The Western Han Dynasty is known for producing painted terracotta vessels that imitated archaic bronze prototypes. The shape of this example is a reminiscent of the distinctive bronze hu vessel of the Shang-Zhou Dynasties. The derived Kui patterns, seen on the body of this example, are presented in abstract yet precise strokes, giving only a skeleton impression of its antecedent complexes that originated in the Xia-Shang-Zhou dynasties (circa 2205 BC- 878 BC). Kui patterns used to adorn ancient Chinese objects, refer to a mysterious creature that takes the shape of a serpentine body and a phoenix’s head. On traditional Chinese bronze wares, the elongated bodies of Kui creatures are usually represented by geometric and abstract expressions. Thus Kui patterns have been designated as the derived kui patterns in order to differentiate the naturalistic and elaborate styles. Terracotta hu, such as this fine example, would have been buried with the deceased as a votive offering.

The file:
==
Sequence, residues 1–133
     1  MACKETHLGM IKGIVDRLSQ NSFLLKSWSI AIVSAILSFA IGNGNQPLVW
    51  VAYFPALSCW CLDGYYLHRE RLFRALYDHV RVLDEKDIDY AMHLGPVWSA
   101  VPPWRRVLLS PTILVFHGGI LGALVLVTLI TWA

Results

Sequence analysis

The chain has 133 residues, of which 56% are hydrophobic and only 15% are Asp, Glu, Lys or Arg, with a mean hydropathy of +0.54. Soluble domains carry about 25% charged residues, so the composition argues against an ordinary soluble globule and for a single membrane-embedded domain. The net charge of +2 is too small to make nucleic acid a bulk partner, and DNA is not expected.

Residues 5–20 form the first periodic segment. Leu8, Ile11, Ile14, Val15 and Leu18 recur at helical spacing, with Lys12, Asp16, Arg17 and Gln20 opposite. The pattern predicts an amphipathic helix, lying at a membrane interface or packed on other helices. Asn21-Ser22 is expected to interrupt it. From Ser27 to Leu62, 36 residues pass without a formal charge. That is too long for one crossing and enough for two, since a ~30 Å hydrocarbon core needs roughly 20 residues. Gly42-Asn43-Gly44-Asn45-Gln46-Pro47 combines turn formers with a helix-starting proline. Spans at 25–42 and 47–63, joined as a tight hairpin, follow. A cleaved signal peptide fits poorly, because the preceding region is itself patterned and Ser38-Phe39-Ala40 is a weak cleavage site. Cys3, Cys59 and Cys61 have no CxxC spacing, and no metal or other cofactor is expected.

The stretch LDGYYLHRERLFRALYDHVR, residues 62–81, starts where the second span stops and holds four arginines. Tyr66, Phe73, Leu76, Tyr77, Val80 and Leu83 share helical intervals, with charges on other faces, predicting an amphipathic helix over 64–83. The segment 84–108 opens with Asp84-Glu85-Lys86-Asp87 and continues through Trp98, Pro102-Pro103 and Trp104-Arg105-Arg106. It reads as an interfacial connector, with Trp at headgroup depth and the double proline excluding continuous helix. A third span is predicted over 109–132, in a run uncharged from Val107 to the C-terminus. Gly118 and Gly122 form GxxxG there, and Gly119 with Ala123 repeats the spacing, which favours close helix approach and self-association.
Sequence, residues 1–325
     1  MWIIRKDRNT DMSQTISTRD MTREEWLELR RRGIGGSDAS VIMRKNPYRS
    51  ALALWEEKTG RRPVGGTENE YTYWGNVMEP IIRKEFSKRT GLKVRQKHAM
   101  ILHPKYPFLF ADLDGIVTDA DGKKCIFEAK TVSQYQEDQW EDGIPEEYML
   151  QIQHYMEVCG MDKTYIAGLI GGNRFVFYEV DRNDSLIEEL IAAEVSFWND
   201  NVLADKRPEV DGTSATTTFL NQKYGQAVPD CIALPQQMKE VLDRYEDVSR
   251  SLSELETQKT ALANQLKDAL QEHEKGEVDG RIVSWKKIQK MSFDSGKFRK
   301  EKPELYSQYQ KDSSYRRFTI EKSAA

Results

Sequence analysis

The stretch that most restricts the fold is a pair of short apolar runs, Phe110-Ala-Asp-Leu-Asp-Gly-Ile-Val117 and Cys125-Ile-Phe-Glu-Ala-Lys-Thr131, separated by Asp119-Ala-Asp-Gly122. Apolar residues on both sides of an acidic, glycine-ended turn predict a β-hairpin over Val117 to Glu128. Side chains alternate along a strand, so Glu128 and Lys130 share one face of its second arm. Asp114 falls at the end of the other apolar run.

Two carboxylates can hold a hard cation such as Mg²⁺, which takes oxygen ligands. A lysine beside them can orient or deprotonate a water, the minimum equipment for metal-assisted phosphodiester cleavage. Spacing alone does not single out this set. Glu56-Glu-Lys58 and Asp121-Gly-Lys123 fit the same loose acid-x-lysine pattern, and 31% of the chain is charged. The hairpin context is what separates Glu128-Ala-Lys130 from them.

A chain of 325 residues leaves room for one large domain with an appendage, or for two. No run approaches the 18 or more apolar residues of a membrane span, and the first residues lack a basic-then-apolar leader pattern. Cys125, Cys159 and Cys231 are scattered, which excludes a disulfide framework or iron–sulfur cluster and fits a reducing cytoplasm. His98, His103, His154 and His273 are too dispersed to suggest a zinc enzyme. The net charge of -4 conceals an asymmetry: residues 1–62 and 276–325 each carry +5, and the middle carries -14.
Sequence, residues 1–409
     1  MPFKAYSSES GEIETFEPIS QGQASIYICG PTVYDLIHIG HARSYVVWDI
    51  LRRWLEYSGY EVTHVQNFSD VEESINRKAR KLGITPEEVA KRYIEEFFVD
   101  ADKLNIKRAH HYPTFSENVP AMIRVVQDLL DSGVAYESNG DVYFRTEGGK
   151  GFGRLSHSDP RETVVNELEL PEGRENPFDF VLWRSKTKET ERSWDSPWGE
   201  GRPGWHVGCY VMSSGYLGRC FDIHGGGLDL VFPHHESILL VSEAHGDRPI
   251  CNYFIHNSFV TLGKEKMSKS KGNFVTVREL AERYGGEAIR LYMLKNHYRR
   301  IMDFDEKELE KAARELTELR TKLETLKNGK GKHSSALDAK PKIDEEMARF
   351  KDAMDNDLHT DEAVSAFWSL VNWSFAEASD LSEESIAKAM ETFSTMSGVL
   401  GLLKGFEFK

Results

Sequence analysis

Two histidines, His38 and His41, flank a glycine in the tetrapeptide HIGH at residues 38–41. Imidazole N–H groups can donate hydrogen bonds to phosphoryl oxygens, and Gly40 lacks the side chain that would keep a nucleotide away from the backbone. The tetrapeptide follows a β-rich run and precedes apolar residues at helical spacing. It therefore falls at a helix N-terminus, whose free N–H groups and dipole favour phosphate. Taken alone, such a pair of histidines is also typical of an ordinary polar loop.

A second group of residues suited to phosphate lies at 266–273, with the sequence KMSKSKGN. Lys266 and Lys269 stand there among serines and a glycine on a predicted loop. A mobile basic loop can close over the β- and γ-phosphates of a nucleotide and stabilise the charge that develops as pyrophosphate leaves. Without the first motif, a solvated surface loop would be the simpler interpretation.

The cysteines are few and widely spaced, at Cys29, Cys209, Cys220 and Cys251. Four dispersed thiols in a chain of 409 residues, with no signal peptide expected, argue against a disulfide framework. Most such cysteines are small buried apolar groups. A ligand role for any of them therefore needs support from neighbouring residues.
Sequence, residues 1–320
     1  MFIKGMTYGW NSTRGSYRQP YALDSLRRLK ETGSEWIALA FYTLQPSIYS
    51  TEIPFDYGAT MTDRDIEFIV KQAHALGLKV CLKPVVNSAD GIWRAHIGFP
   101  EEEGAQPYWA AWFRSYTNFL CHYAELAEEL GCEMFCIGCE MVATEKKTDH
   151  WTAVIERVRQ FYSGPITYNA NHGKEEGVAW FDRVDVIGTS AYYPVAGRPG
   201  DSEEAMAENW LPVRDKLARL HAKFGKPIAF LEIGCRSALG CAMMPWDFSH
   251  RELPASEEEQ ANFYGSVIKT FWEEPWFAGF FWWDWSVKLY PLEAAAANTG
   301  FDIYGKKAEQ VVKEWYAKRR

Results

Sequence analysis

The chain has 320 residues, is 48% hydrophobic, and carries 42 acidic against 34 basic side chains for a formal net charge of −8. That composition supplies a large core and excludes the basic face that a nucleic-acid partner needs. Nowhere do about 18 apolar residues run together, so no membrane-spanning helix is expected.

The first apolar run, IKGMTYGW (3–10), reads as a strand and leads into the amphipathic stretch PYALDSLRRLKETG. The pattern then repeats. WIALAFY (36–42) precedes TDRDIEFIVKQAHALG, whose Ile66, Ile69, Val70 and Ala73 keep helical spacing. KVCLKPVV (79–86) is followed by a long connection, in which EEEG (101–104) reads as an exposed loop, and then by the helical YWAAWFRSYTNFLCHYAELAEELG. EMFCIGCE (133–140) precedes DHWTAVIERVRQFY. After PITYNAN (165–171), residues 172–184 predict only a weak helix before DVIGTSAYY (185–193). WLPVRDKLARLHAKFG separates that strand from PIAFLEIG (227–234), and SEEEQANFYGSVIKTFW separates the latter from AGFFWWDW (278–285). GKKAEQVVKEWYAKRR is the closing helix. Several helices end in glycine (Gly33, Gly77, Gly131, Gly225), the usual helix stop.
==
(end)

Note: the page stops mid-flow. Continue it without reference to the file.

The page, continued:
Han Terracotta Polychrome Painted Hu with Lid
A finely sculpted Han terracotta hu featuring a globular body which gradually tapers into a long, slender neck and is supported by a flat base. The vessel has a wide opening with an everted rim. The polychrome painted lid, mainly featuring red pigment, displays a slight convex surface and is placed on the top. The neck and the body are fully ornamented with floral motifs and Kui pattern, which referrers to a highly aesthetic yet abstract liner ornament inspired by the traditional Chinese mythological Kui creature.
Period: Han Dynasty
Condition: Good condition, with polychrome pigments surviving on the surfaces. The surface is covered with earthy encrustations.